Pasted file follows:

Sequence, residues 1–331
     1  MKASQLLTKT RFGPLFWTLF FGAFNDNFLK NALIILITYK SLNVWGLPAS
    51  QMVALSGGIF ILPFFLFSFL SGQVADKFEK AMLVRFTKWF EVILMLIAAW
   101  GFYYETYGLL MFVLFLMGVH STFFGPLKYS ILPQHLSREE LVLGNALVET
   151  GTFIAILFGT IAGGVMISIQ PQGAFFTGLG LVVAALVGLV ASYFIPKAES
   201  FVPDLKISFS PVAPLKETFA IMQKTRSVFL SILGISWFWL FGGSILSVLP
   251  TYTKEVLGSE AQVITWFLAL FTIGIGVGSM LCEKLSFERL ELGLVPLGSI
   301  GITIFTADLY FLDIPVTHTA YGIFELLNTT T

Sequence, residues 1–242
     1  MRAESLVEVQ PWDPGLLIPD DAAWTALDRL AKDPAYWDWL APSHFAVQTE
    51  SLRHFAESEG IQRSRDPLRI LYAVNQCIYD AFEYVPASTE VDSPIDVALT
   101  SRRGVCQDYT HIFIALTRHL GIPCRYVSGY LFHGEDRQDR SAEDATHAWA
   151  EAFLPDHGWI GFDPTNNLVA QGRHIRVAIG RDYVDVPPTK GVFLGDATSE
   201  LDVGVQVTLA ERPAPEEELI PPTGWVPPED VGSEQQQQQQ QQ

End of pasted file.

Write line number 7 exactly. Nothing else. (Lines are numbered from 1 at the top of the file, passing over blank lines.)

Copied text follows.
   251  TYTKEVLGSE AQVITWFLAL FTIGIGVGSM LCEKLSFERL ELGLVPLGSI